Being friends with Naipaul was stressful as ‘Vidia would get desperately depressed between each book… and one used to have to spend so much time cheering him up,’ as Athill mentions in an interview to Web of Stories. When she felt particularly low, Athill would supposedly tell herself, ‘At least I am not married to Vidia,’ to lift her spirits. Now with the pressure of having to maintain a ‘taxing’ friendship taken off her back, Athill could look upon Naipaul with tenderness even as he continued to be mulishly and sweepingly dismissive of more than two centuries of writing by women – from Jane Austen to the present time. That Naipaul had singled Athill out to illustrate his thesis that women could not write was seen as ‘sad’ rather than provocative. She sounded sorrier on his behalf rather than her own, almost maternal towards her detractor.
After reading about Athill’s affair with Sam in her memoir of old age, Somewhere towards the end, it seems her relationships with men tend to improve after they are no longer a physical presence in her life. It’s as if she can begin to love them after she has stopped seeing them.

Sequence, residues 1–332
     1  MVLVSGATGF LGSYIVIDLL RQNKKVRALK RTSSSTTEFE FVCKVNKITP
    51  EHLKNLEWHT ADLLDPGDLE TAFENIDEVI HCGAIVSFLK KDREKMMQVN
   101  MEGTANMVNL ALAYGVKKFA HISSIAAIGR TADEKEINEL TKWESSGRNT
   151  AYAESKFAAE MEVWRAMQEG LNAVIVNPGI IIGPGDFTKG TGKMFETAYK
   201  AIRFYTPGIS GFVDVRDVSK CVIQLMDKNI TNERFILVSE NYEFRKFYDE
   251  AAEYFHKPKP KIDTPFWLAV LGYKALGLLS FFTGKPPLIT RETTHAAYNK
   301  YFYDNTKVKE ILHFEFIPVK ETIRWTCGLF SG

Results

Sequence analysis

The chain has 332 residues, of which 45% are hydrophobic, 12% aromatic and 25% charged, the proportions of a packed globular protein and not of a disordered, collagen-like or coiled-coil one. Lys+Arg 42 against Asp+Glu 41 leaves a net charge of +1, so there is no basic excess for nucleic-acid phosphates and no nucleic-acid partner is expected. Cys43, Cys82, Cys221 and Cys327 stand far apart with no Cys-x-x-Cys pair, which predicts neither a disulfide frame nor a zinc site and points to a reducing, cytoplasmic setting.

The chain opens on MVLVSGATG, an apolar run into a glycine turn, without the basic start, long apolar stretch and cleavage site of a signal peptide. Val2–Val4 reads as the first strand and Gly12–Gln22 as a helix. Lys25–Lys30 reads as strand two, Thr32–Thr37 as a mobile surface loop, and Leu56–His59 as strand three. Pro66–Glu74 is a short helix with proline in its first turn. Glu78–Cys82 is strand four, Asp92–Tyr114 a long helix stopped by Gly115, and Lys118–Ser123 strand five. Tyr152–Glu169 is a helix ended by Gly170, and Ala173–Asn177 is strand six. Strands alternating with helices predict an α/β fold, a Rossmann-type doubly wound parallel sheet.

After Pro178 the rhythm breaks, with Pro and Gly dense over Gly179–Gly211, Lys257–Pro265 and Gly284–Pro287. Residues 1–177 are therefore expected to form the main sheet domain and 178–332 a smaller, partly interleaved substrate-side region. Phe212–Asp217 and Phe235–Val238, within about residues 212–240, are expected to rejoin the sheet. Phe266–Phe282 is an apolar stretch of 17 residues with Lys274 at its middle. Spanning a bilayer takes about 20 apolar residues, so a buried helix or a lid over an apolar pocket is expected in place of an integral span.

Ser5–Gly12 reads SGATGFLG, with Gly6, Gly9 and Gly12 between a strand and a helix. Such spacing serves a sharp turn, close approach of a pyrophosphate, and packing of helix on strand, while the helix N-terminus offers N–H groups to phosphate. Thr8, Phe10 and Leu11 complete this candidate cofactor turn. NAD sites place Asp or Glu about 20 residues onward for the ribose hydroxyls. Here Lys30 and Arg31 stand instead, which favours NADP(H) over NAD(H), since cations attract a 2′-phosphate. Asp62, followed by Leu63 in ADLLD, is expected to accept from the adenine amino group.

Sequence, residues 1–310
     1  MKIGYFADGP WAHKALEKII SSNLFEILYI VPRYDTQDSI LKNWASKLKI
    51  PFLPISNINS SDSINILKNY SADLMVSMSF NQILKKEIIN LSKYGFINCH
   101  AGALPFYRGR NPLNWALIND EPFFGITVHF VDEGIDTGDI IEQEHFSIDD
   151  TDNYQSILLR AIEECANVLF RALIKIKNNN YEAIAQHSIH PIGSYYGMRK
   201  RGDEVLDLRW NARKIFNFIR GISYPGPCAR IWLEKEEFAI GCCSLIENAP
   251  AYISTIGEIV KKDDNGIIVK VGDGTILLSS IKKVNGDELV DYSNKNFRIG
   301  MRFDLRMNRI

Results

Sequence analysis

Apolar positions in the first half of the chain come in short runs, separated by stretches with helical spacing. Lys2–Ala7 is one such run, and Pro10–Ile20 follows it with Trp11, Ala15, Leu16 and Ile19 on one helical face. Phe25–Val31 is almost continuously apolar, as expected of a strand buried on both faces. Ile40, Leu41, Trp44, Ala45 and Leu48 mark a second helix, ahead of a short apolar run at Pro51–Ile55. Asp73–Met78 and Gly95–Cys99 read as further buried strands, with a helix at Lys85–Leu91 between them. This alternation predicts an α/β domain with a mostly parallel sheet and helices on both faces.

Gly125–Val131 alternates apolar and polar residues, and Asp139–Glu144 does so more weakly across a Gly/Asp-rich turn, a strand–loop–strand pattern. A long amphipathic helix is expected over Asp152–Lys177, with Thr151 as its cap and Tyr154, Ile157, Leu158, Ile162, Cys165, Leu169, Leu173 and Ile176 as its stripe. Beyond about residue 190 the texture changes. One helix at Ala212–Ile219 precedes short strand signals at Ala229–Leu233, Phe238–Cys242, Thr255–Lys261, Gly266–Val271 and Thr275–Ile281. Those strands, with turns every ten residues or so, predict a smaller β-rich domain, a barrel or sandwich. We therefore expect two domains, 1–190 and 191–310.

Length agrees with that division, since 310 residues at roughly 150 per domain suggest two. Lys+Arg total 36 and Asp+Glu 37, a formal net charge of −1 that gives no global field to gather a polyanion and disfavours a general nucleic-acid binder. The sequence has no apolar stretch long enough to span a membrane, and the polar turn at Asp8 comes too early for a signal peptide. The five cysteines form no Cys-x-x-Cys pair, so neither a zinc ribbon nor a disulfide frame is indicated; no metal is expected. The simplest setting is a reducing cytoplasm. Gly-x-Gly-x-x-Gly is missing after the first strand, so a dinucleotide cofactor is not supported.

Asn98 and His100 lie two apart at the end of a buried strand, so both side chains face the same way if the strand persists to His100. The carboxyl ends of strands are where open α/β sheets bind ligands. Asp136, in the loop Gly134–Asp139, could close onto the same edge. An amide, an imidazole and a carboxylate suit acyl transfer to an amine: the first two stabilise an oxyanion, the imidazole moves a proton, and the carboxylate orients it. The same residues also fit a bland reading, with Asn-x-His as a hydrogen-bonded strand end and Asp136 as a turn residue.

In the book, she talks about meeting Sam – a Caribbean-born man working for a government-run race relations department in London – when both were on the threshold of old age. Sam handled publicity for Kwame Nkrumah, the first Prime Minister of independent Ghana. His fortunes fell with Nkrumah’s ouster by a military coup. The few articles he had managed to save from his glory days in Ghana included a gold watch worked into a bracelet gifted to him by the Ethiopian regent Haile Selassie. Sam was tall, affable and in the same age bracket as Athill herself. Being black and the gold watch from Selassie made him irresistibly sexy, at least that’s how Athill saw it.
Eager to make the most of their twilight years before one isn’t capable of sex anymore, Athill and Sam would meet once a week to share a meal and a bed. The arrangement worked, for a while, as both got what they wanted – he, the glamour of having as his bedfellow a high-profile intellectual and influential publisher, and a white woman at that, and she the validation of her desirability in her mature years.